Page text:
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First Hackathon — HackUMass

Today is the second day of HackUMass. Time is ticking away on our 36-hour limit. I should not be typing up this article right now. Lucky for you, I am the true novice of the novices, so I don’t have much on my agenda. Before I talk about HackUMass, let me expose my computer science background; it proudly consists of a month of Introductory to Computer Science 111. That’s it. (IOW, I have no idea what I’m doing here.)

First off, if you don’t know what a hackathon is — the brief definition is a computer programming event that consists of software and hardware developers who intensively collaborate on a project. Some hackathons have themes, but HackUMass does not. This program started in 2014 with about 100 people, but has grown to 650 “hackers” this year. It is the largest hacking event in the Pioneer Valley, but the neat thing is that we don’t just come from the 5 College Consortium or the Pioneer Valley. People from all corners come here to work on projects and learn from one another. I have already met students hailing from hours of driving away and even from Montreal, Canada.

The program coordinators opened a large groupchat with Slack, in which I was not only able to meet about a third of the participants, but also I formed my team for the weekend. Luckily, I wasn’t the only one for which this hackathon would be my first. In my team were Sivian (Amherst ‘20), Ian (UMass ‘20), and Pierce (UMass ‘20). We were expecting to meet two other members, from Smith and UMass, but they never showed up. Finding each other was the first goal, and the overcrowded circumstances that we were in did not simplify the process in any way.

There was an opening ceremony, followed by a session of companies tabling and recruiting. To summarize this experience, in five words: words, applaud, FREE, snatch, shove. The amount of free stuff, including shirts and pens, was incredible. I squeezed out of the crowd with a fitbit canvas bag, a Jibo shirt, Google pens and notepads, CST screen cleaners, and sweet potato chips. (Saving the best for last, to be honest) This bag of goodies was enough to make this weekend worth it.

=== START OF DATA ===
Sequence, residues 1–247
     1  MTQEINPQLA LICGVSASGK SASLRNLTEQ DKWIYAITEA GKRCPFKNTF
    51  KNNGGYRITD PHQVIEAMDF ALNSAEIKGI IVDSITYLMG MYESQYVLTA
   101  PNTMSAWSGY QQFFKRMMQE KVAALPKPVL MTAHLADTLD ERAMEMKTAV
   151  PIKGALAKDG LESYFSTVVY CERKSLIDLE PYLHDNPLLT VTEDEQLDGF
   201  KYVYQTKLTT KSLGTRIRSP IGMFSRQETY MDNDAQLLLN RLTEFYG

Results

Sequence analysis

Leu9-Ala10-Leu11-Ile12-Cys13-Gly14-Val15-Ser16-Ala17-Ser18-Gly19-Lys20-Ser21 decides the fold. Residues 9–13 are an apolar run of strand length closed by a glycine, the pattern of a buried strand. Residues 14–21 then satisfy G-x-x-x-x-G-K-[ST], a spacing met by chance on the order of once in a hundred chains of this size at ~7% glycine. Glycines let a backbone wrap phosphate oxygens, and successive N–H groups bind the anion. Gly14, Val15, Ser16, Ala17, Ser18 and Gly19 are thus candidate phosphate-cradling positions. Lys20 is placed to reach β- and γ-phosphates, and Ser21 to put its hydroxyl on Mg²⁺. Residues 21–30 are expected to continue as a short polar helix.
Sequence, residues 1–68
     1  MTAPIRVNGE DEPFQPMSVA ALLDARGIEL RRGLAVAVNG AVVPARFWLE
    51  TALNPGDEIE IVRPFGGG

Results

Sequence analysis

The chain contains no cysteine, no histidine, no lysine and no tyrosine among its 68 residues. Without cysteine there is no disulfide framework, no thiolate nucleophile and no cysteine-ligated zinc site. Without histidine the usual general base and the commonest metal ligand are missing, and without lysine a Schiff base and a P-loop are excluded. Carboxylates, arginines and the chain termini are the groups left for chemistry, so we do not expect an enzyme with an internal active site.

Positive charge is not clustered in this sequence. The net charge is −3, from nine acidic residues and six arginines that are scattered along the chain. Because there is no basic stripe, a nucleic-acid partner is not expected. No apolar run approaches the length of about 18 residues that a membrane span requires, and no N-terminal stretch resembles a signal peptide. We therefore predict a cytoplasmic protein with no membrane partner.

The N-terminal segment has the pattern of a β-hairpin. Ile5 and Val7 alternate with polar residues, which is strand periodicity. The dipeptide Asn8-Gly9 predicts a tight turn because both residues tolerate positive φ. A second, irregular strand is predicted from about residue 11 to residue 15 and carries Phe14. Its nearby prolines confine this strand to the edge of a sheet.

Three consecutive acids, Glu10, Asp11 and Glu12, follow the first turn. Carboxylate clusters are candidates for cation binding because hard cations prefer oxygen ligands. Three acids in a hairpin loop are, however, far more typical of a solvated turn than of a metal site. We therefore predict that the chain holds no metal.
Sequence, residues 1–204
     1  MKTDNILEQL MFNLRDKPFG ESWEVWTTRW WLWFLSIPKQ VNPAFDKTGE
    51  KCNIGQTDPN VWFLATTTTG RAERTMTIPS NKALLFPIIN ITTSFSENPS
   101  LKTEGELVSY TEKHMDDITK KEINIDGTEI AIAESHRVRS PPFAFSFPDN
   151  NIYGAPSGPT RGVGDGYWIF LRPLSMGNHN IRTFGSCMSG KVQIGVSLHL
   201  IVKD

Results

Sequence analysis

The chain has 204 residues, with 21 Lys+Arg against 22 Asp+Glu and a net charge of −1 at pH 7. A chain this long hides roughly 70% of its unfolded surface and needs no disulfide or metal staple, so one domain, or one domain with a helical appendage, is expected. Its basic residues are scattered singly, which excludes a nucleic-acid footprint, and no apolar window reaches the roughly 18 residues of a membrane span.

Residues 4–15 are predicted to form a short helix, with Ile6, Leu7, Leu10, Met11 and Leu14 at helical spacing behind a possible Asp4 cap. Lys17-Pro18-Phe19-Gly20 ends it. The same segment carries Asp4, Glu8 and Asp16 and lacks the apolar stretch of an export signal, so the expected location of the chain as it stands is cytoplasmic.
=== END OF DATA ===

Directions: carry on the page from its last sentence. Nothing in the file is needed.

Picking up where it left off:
All of the teams look like they know what they’re doing. Glancing into the classrooms, I see black screens laden with intelligence in the form of lines of code. Wires twisted in every direction accompanying the hacker along with scraps of food and trash. Rows of empty coffee cups and energy drinks line the tables. Just looking at the hackers intensely staring at the screens is intimidating enough for me. There are people sleeping on their keyboards, while others are taking over the floor. Some ambitious hackers pulled all-nighters, sacrificing sleep to keep the prizes in mind. Maybe someday, I’ll get to that point. For now, I will just watch my coding tutorials and be amazed by the passion that surrounds me. 

Bonnie is a sophomore at Amherst College. Even though she studies statistics, she is interested in technology, pediatric medicine, dentistry, education, and public health.  She spends most of her day trying out new things, like eating an ice cream cone while biking or looking for ways to climb onto campus building roofs. "All over the place" would be the best way to describe her. 
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